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Rock bottom by Michael Shilling

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Once, the Blood Orphans had it all: a million-dollar recording contract from Warner Brothers, killer hooks, and cheekbones that could cut glass. Four pretty boys from Los Angeles, they were supposed to be the next big thing, future kings of rock and roll.

But something happened on the way to glory, and now, two years later, along with their coke-fueled, mohawked female manager, they have washed up in Amsterdamfor the final show of their doomed and dismal European tour. The singer has become a born-again Buddhist who preaches from the stage, the bass player’s raging eczema has turned his hands into a pulpy mess, the drummer is a sex-fiend tormented by the misdeeds of his porn-king father, and the guitar player–the only talented one–is thoroughly cowed by the constant abuse of his bandmates.

As they stumble through their final day together, the Blood Orphans find themselves on a comic tour of frustration, danger, excitement, and just possibly, redemption. 

If I was asked to use just one word to describe Rock Bottom I think the word I would use would be surprising.  For a novel that has been referred to as “raunchy, knowing, brilliant” using the word surprising is somewhat…surprising.  But, let me explain.

Rock Bottom chronicles the last day of a rock band called Blood Orphans.  At one point they were the next big thing.  This book is a comically dark, sometimes over the top look at what might have been as well as what is yet to come. 

As we are introduced to the guys in the band we find that each one, in his own way, is bitter, disillusioned, and praying for a quick end to this less than magical mystery tour.  But, something funny happens on the way to the last gig.  A strange set of events conspires to show each of them that even though all seems lost, there is a level of love and respect that wasn’t really lost, just misplaced somewhere along the road.  And while this was their last night together as band mates, it wasn’t their last night together as friends.

As I read this book I began to have my doubts that it could hold my interest.  Getting to know these self-absorbed underachievers almost didn’t seem worth it.  By the end of the book I found myself pulling for each one of them to come away with something positive that they could carry with them into the next stages of their lives.  I began to care.  How surprising.

Michael Shilling is a Lecturer at the University of Michigan, where he received his MFA in Creative Writing. His stories have appeared in The Sun, Fugue, and Other Voices. A recovering rock musician, he played the drums in The Long Winters, as well as numerous other bands in Seattle. Currently, he is working on a novel set in Victorian England.
 
Thanks so much to Miriam of Hachette Book Group for the opportunity to review this book!
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This One Is Mine by Maria Semple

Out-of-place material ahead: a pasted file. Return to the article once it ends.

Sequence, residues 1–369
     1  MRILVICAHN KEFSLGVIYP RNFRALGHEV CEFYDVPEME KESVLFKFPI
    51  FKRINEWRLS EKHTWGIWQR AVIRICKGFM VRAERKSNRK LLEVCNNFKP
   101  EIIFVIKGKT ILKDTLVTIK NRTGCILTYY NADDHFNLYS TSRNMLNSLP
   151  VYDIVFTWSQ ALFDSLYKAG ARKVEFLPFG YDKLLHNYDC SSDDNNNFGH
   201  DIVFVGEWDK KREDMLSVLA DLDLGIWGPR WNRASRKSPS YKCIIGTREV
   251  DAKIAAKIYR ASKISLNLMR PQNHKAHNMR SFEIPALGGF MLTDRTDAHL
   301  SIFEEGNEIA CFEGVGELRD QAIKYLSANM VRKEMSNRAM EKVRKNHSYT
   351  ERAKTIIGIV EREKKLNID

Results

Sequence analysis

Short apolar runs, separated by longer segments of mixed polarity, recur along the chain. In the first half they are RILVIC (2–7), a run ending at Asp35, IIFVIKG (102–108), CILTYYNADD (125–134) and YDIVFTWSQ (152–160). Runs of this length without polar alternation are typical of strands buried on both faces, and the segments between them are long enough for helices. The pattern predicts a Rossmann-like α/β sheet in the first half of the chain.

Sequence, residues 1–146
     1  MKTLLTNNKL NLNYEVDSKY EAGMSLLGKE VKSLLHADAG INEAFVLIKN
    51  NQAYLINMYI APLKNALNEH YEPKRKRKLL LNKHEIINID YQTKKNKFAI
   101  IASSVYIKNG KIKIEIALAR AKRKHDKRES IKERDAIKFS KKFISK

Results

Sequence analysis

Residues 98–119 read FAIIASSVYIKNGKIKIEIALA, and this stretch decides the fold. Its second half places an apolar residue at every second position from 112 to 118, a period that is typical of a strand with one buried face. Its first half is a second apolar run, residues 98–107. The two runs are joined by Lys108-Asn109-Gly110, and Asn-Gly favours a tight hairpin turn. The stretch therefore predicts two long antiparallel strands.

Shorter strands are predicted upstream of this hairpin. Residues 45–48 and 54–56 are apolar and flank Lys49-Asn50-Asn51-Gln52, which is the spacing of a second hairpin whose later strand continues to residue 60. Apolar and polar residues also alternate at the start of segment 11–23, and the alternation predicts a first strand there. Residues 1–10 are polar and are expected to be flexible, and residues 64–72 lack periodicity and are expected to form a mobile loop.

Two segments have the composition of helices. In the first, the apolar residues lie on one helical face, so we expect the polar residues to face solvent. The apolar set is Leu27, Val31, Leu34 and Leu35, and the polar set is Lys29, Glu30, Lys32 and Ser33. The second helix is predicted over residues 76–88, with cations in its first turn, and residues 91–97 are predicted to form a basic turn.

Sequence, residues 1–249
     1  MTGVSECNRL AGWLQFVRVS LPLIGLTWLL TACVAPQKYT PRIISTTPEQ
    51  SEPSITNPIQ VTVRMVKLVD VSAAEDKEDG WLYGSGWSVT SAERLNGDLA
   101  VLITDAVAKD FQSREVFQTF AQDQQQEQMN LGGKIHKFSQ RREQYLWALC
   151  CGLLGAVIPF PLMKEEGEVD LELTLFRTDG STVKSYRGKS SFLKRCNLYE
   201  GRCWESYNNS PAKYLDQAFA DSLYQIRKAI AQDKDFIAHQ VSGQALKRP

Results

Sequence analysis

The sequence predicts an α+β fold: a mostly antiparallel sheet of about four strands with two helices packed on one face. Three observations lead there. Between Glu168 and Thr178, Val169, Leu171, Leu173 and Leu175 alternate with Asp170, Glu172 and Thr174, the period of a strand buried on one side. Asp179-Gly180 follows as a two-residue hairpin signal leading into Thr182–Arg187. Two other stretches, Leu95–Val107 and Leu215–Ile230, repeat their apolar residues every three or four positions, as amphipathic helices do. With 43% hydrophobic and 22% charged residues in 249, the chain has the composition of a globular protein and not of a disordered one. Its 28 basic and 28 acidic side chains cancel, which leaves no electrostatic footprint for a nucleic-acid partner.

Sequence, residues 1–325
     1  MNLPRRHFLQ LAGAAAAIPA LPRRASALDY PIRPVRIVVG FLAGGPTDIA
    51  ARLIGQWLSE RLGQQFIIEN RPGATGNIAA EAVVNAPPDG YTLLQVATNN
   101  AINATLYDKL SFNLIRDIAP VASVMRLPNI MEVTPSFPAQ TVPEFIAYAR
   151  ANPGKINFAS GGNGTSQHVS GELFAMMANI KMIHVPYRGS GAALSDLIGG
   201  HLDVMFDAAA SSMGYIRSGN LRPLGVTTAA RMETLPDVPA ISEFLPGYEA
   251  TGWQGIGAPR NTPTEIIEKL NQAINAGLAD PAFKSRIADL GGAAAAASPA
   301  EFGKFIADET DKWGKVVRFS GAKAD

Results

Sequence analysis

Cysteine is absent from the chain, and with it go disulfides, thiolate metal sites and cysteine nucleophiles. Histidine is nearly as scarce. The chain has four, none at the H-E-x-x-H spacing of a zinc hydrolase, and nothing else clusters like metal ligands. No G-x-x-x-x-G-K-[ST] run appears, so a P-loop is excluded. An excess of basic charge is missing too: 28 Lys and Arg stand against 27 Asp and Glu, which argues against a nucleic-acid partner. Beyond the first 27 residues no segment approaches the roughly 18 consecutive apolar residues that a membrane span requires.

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Violet Parry is living the quintessential life of luxury in the Hollywood Hills with David, her rock-and-roll manager husband, and her darling toddler, Dot. She has the perfect life–except that she’s deeply unhappy. David expects the world of Violet but gives little of himself in return. When she meets Teddy, a roguish small-time bass player, Violet comes alive, and soon she’s risking everything for the chance to find herself again. Also in the picture are David’s hilariously high-strung sister, Sally, on the prowl for a successful husband, and Jeremy, the ESPN sportscaster savant who falls into her trap. For all their recklessness, Violet and Sally will discover that David and Jeremy have a few surprises of their own. THIS ONE IS MINE is a compassionate and wickedly funny satire about our need for more–and the often disastrous choices we make in the name of happiness.

After reading the back of this book I was intrigued.  And I am happy to say I was not disappointed.

Violet Parry seems to have it all.  She has an extremely successful husband, a beautiful little baby, and a huge home with people waiting on her left and right.  But, even though she has all of this there is one very important thing that is missing – the connection between her and her husband David.

David has always put his career as a music producer first, and although it didn’t seem to really bother her in the beginning, it has really started to wear on her.  He expects so much from her but has no idea what any of her wants and needs are.  She starts to wonder if there isn’t more to life, and that’s when she meets Teddy Reyes, a man she feels a strong attraction to, whether he is right for her or not.  So, she begins an affair.

The characters in this book are all a little “off”, yet I felt as if I could relate to each of them in some way.  The story will have you running through all the emotions – joy, anger, disbelief, sadness.  I wasn’t able to put this book down, and could really relate to it, as unusual as that may sound (you’ll have to read it).

Maria Semple has written for television shows including Arrested Development, Mad About You, and Ellen. She has escaped from Los Angeles and lives with her family on an island off Seattle. This is her first novel.

Thanks so much to Miriam Parker of Hachette Book Group for sending this ARC to me for review!

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